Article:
Distracted driving is a common term today. It’s also a common practice. Despite laws regulating cell phone use while driving, we all see it everywhere we go. Driver’s texting, reading, talking—even playing games—on their phones, all while driving.
We get frustrated behind them when the light turns green and they’re not paying attention. We try to get around them as they weave down the road 10 mph under the speed limit. We laugh at them trying to steer out of the parking lot while balancing their cup of coffee and holding their phone. Absolutely out of control, right?
Now consider this scenario: A police officer reading a crime broadcast, or typing on his or her MDC, while holding a cup of coffee, and steering with a knee through traffic. How about trying to zoom in on a map, while changing lanes and responding to an urgent call? And in some states, officers can be exempt from cellphone laws, allowing them to use their cellphones while driving. When coupled with all the other police equipment available in the patrol unit, it is clear how an officer can be distracted while driving.
Question: Can this be as dangerous as the civilian driver described in the second paragraph, above?
Recently, in at least two separate incidents on California highways, distracted officers have been involved in rear-end collisions. In both of these collisions, the officer’s patrol car struck a civilian vehicle and a civilian was killed.
I can’t even imagine how these officers must feel. I know how difficult it was to have to deliver a death notice and explain to a family how their loved one was killed in a collision. I can’t imagine the burden when the cause of the collision may have been an on-duty police officer.
We’ve seen here how distractions in a patrol car can have devastating results. Imagine if either of those officers were on motorcycle patrol. Most likely, the law enforcement community would have suffered another officer fatality.
Quite naturally, motorcycle officers want some of the same equipment mounted on their motorcycles as is available in patrol cars. Items such as GPS, video screens, blue tooth, cell phones, iPods, etc., have all been mounted on law enforcement motorcycle handlebars and fairings. Although the information available over all of these items can be useful in carrying out a patrol officer’s duties, they can endanger the motorcycle officer—and the public—by distracting the operator, who should be trained on the road.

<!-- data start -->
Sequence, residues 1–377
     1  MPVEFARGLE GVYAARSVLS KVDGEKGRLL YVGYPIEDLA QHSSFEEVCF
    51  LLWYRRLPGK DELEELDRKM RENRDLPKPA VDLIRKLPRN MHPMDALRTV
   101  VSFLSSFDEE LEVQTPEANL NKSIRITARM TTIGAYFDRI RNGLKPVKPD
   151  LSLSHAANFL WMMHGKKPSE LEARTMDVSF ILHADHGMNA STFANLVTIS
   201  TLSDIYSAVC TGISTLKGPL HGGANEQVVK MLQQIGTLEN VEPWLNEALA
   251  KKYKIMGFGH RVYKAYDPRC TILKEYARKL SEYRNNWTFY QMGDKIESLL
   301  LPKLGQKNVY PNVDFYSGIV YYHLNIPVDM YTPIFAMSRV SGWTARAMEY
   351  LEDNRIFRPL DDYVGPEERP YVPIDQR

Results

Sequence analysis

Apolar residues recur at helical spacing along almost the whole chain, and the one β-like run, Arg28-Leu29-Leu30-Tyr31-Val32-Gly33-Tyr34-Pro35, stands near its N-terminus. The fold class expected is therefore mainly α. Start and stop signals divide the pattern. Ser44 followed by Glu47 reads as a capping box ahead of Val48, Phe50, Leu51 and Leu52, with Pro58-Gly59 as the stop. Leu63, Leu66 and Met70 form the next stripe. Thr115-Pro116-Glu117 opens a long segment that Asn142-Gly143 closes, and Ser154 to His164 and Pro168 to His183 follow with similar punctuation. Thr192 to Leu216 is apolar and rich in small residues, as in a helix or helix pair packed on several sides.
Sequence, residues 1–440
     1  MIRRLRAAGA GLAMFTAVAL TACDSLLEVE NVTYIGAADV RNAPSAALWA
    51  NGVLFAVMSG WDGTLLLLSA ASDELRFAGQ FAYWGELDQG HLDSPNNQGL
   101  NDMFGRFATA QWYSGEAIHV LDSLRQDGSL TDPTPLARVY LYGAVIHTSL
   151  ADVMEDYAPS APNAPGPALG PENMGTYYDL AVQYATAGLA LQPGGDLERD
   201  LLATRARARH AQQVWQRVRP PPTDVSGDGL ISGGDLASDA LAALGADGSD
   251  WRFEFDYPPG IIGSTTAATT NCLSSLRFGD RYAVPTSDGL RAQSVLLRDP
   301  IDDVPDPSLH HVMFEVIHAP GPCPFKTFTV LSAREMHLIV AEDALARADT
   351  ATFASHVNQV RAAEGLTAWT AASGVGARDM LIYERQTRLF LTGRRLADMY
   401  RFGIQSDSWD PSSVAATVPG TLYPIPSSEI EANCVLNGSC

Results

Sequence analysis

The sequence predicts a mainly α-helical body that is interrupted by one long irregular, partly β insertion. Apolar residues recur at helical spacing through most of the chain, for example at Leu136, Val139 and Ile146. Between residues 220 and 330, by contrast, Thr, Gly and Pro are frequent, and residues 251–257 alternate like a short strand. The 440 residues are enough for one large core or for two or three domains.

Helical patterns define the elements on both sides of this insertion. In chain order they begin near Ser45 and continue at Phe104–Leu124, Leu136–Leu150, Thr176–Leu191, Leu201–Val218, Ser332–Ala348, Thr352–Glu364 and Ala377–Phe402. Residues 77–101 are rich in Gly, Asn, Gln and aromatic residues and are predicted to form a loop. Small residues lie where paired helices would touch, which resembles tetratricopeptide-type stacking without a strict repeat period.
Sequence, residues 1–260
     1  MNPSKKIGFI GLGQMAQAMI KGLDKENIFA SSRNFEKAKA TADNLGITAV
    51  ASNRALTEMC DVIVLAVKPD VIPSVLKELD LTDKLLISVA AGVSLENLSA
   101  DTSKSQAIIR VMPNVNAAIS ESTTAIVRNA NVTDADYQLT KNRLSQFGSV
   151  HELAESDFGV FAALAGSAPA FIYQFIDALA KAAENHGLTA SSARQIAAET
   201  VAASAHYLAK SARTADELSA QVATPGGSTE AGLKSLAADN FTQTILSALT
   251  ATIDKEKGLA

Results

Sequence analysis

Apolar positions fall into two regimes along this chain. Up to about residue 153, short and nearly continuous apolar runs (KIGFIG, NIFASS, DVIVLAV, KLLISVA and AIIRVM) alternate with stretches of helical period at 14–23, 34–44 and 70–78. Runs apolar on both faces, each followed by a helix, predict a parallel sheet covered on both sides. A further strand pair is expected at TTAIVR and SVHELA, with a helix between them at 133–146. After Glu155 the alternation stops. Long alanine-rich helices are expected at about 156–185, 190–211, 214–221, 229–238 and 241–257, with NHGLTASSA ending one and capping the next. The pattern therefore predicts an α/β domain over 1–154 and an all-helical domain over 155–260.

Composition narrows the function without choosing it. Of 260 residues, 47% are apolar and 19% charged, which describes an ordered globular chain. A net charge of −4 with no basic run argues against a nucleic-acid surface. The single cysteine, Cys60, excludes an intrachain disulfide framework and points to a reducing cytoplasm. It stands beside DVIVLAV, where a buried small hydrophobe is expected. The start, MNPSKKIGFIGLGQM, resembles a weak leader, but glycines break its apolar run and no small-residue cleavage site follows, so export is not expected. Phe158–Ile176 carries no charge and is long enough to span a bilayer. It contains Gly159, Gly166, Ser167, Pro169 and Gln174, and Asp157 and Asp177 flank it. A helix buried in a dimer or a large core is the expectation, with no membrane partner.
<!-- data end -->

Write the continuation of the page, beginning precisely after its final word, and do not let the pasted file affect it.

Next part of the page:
The need to be in communication via MDC or view a Soundex over a screen can make an officer more efficient in taking enforcement action or making an arrest. But I question the need for the officer to access this type of information while they are engaged in operating a patrol vehicle. In a two-person vehicle, the passenger officer can certainly access digital information without affecting the safe operation of the vehicle. However, in a solo officer unit, car or motorcycle, viewing digital information or manipulating and electronic device can distract an operator just long enough to result in a collision. As we have all heard, “You can’t help if you don’t get there.” The information conveyed over these devices can be safely delivered once the patrol vehicle has stopped and still be of value to the officer.
The Need for Balance
We need to balance the need for information with the need for safe driving. Technology will only keep up the pace, and the spillover from civilian life to duty responsibilities often means that younger officers expect nothing less than the latest and greatest. Technology can make us more efficient, but it can also imperil our safety.
A few years ago, a friend of mine at the sheriff’s department proudly showed me his new video equipment on his motorcycle. The video screen was mounted on the handlebars of his departmental motorcycle, allowing him to monitor the screen while he was riding. We had a short debate about the need to have the screen on the handlebars. I did not agree with the decision to put the video screen on the handle bars, where the operator’s eyes can be drawn down, away from their typical high visual horizon. My friend didn’t think it would be an issue.
Recently, my friend and I were together at a motorcycle demo ride, and he proudly showed me how his department had removed the video screen from the handlebars and mounted it inside the radio box. He explained they had learned that having the screen in front of the operator did not increase the officer’s efficiency and may become a distraction. The officer could access the video screen when the motorcycle was parked, and out of harm’s way, and still access any information needed to carry out their duties. I congratulated him.
Ultimately, law enforcement, especially traffic law enforcement, is enhanced through self-generated, pro-active police work. The patrol officer’s toolbox contains many useful items used in the performance of their duties. At the top of that toolbox is the officer’s power of observation. Having an officer’s eyes up and scanning the environment ahead keeps the officer safe and heightens public safety.
Bottom line: As it has always been, having an attentive officer ready to take enforcement action is the best deterrent to unlawful activity. Especially, distracted drivers.